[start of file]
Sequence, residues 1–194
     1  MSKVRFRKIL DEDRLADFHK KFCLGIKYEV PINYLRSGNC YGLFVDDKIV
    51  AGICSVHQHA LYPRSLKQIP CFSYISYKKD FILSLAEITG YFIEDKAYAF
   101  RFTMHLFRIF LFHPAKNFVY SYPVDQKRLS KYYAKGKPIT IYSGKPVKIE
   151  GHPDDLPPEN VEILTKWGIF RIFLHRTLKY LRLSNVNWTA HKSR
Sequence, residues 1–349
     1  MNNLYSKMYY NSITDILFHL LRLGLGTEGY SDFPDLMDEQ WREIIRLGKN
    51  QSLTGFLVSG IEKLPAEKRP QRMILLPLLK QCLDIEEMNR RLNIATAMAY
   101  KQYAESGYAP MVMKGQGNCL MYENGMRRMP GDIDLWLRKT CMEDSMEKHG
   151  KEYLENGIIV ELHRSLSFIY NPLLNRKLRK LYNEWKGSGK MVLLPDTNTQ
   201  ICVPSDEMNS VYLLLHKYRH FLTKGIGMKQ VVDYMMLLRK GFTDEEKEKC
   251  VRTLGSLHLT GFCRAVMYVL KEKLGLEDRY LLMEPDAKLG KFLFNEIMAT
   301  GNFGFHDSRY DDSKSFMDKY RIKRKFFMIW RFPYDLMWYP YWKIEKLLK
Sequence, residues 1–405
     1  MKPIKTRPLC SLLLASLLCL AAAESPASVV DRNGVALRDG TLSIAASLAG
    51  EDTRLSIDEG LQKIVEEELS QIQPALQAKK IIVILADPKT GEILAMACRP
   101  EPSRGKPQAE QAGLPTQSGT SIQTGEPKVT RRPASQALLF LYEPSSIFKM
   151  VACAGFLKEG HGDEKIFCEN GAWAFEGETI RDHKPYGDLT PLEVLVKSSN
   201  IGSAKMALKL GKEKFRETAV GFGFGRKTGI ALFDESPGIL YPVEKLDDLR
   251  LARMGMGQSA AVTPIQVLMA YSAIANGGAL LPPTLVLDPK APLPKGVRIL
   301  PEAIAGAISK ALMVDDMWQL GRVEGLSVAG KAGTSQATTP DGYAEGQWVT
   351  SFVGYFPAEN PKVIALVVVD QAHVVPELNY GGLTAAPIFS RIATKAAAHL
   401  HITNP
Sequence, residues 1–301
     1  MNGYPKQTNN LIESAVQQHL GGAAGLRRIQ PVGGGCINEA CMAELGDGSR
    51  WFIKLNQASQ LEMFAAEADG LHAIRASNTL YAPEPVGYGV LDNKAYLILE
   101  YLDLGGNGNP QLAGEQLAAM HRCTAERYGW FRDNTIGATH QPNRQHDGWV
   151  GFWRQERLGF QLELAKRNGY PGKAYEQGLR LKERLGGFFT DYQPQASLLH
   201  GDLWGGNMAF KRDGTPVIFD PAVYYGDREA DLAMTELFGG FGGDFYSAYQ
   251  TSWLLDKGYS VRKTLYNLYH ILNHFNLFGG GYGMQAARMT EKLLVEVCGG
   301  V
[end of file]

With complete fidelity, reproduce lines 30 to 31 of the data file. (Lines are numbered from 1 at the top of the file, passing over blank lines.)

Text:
   251  TSWLLDKGYS VRKTLYNLYH ILNHFNLFGG GYGMQAARMT EKLLVEVCGG
   301  V